Friday Faves: Trumpet Trees

It’s pretty warm in Florida right now. Last week, while nearly the entire rest lower 48 was digging out from under ice, we had a cool snap with high temperatures in the upper sixties. This weekend, it’s going to be even warmer, with temperatures in the 80s. I’m not really a fan of 80s in February, so I’m kind of looking forward to our next “cold” front.

With spring just around the corner (Can y’all believe March 1st only 3 days away?), there’s a familiar site emerging around these parts. Every time I walk outside or drive around town, I am treated to the dazzling spectacle of pink or golden trumpet trees in full bloom, and I love it.

Aren’t they beautiful?

Truth is, we won’t really transition into perpetual daily warm temperatures until May. Temperatures will continue to waffle up and down for the next couple of months. Right now, walks outside are still pleasant due to more breeze and slightly less humidity. So I’m taking this opportunity to enjoy the early signs of spring.

Happy Friday, All!

Friday Faves: My Anniversary Cake.

We’re celebrating our anniversary this week; 27 years and counting. We almost never buy one another anniversary gifts. We prefer instead to channel that money into having an enjoyable experience together. We have a nice dinner, maybe go spend one night in a nice hotel somewhere, etc. In fact, that’s almost always our modus operandi for every occasion except Christmas. We tend prize experiences over buying things that gather dust and take up space. Our kids usually just say, “Happy Anniversary!” and then promptly set about their day. In other words, it’s a low key event around here.

However this year, the most amazing food blogger you’ve never heard of decided to surprise us with a very delicious and very cute cake. It was a 6″ vanilla cake with boysenberry filling and a lemon buttercream frosting topped with blackberries and mint leaves.

Being grateful for the love, rather than worrying about the fact that eating cake cuts directly against my current fitness goals, was the challenge. I rose to it, and I’m glad I did because this was a really good cake. It was an original recipe, too, which made it taste even better.

Happy Friday, all!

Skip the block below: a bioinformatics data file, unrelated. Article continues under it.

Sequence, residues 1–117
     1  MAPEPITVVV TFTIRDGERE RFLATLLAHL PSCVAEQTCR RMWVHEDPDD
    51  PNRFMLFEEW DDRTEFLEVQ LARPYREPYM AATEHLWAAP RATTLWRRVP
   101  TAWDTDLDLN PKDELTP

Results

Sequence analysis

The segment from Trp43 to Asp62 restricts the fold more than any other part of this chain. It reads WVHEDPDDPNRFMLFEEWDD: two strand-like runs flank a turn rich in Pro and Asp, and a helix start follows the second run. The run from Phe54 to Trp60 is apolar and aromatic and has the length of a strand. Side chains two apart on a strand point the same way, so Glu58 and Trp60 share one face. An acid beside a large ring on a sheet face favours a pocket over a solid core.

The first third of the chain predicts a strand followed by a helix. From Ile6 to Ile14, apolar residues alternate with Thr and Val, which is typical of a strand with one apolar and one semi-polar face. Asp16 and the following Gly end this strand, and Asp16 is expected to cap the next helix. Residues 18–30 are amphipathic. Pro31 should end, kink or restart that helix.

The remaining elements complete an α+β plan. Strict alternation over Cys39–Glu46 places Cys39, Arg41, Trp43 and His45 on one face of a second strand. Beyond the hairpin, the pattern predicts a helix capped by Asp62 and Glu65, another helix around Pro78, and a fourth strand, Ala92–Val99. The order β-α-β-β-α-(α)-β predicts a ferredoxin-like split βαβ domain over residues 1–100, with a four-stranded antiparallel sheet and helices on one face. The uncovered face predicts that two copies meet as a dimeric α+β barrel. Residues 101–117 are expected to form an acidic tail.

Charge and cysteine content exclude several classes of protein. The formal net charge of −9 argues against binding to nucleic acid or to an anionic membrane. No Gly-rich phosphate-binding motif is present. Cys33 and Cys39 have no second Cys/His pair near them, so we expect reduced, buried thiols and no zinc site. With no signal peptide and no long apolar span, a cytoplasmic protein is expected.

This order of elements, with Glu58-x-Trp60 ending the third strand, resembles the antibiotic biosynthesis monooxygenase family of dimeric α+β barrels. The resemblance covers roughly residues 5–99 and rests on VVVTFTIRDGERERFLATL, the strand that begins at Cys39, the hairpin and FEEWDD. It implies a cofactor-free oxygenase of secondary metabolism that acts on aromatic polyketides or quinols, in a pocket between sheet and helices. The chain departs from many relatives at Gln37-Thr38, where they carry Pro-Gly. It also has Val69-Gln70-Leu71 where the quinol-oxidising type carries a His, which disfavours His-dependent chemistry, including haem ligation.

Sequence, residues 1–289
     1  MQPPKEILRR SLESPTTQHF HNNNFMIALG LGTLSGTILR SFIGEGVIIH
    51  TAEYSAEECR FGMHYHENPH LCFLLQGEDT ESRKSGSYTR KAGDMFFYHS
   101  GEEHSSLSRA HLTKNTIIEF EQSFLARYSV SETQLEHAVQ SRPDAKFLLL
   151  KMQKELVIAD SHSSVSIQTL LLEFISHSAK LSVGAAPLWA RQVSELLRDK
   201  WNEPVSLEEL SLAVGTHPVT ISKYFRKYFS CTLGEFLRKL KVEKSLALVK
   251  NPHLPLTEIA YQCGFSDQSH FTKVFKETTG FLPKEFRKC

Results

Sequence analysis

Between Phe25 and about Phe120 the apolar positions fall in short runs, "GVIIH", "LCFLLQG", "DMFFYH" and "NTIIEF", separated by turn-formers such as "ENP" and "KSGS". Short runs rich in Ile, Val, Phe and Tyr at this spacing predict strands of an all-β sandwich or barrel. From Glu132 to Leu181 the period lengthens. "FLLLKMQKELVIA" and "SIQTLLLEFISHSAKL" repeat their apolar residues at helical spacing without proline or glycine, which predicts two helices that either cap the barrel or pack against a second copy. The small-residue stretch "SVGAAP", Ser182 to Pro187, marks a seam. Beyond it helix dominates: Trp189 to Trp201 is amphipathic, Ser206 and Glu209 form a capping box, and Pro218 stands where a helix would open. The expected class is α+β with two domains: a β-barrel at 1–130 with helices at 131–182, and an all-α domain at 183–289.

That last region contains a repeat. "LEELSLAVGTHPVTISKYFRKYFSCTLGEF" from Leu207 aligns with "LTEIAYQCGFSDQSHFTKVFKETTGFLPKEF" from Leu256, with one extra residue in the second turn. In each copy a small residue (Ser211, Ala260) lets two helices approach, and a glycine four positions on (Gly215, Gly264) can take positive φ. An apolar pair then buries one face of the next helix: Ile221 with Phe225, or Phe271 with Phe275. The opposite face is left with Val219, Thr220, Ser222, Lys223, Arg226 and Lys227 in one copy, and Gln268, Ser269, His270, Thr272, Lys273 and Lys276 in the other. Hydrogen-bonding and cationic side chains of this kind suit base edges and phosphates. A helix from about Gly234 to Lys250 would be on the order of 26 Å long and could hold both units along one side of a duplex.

Word Nerd Wednesday: Problematize

Yes. Apparently, problematize is a word. I don’t like this word, and I like its meaning and implications even less, but I don’t choose words here solely on the basis of how they make me feel. The goal here, if I can manage it, is to learn something along the way. For those of you already familiar with the word, indulge me in my ignorance, and I hope the combination of my snark and enlightenment don’t bore you to death.

Before we get into the implications of the word and why the concept makes my head ache, we should define the term. So here goes, from the Oxford English dictionary:



  • Make into or regard as a problem requiring a solution.

    Example: ‘he problematized the concept of history’

Maybe I’m over thinking this, but when I saw this word used, and gave a bit of thought to its implications,  it occurred that our entire social fabric has been torn in pieces precisely because of this tendency. It has permeated every sector of our society and culture. We have problematized everything and the result has been disastrous.

Everything is a problem now. The names of our founding fathers on schools and government buildings has been problematized. Being white has been problematized. Being black is a problem, as is being a woman, a man or a child. Being a Christian is a major problem to a lot of people.

The Cambridge dictionary blog even discussed whether dictionaries, words, or indeed, language itself, is problematic:

However, English is the language of a culture that does often associate the colour white with things that are pure, with no dirt or no faults – with being “as white as snow.” And the culture also often associates the colour black with bad things, so there are many idiomatic expressions that use these positive and negative senses of the words white and black. (For example, white knight, someone who buys a company to save it, and black knight, someone who tries to take over a business when the owner doesn’t want to sell it.)